When students went on strike in May 1970, Howard Zien ’71 went to class — and encountered jeers that made him realize how difficult it is to find middle ground during times of passionate protest. (Season 3, Episode 12)
Apr 20, 2017
PAW Tracks: Finding Her Place (Christine Caffrey Johnson ’81)
On this episode of PAW Tracks, Christine Caffrey Johnson ’81 talks about the difficulty of finding her place at Princeton and some of the activities that captured her interest. As an undergraduate, she planned a conference to help her peers think about ways to balance work and family life. Years later, the conversation continues. (Season 3, Episode 11)
Apr 5, 2017
PAW Tracks: Travels with Harley (Geoff Smith '71, John Drummond '71, and Brad O’Brien '71)
For ’71 classmates Geoff Smith, John Drummond, and Brad O’Brien, riding to Reunions by motorcycle last year was a chance to see small-town America and reflect on their college years. (Season 3, Episode 10)
Mar 15, 2017
PAW Tracks: Permission Granted (Richard Reinis '66)
In this episode, Richard Reinis ’66 recalls memorable events from his undergraduate days, including getting the dean’s approval to get married after his sophomore year. Reinis also played football at Princeton, starting on the offensive line for the Tigers’ last undefeated team. (Season 3, Episode 9)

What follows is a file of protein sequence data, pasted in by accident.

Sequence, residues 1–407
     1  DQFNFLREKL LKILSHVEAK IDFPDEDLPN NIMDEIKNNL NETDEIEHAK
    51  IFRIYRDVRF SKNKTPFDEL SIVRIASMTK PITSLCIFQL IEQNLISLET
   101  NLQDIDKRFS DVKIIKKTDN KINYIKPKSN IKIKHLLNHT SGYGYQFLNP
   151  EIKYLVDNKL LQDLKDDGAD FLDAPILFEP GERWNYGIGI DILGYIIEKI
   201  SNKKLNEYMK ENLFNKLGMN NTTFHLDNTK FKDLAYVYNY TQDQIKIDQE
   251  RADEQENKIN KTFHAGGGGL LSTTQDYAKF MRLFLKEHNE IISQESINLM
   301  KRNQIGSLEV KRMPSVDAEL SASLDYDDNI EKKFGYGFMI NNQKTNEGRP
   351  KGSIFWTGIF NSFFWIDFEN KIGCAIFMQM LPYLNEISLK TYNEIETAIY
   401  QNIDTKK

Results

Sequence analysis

Feb 23, 2017
PAW Tracks: Their Shot (Princeton women's basketball alumnae)
Princeton women’s basketball has become one of the nation’s top mid-major programs, with six NCAA Tournament bids in the last seven years, including the team’s first tournament win, in the first round against Wisconsin-Green Bay, in 2015. But when the program began 45 years ago, players had to work to get basic necessities like court time and quality coaching. Janet Youngholm ’75, one of the team’s founders, marvels at how far the Tigers have come. “We couldn’t see that horizon,” she said, speaking with recent alumnae in early February. “I can’t see it except through you guys in retrospect.” Listen to reflections on the early years of Princeton women’s basketball in this episode of PAW Tracks, which features members of the Classes of ’75, ’76, ’10, and ’13. (Season 3, Episode 8)
Feb 2, 2017
PAW Tracks: Changing Outlook (April McQueen '93)
April McQueen ’93’s struggles with and recovery from mental illness forced her to revisit her expectations and professional goals. “I believe that it’s made me who I am today,” she says. “I’m living my truth.” (Season 3, Episode 7)
Jan 4, 2017
PAW Tracks: Seeking Community (Jenny Korn ’96)
Jenny Korn ’96 tried to build connections as an undergrad, founding Princeton’s Thai-American Student Organization, and that theme has continued, both in her work and in a Chicago-based alumni group.
Nov 30, 2016
PAW Tracks: Vocation to Avocation (Jerry Sorell ’50 *51)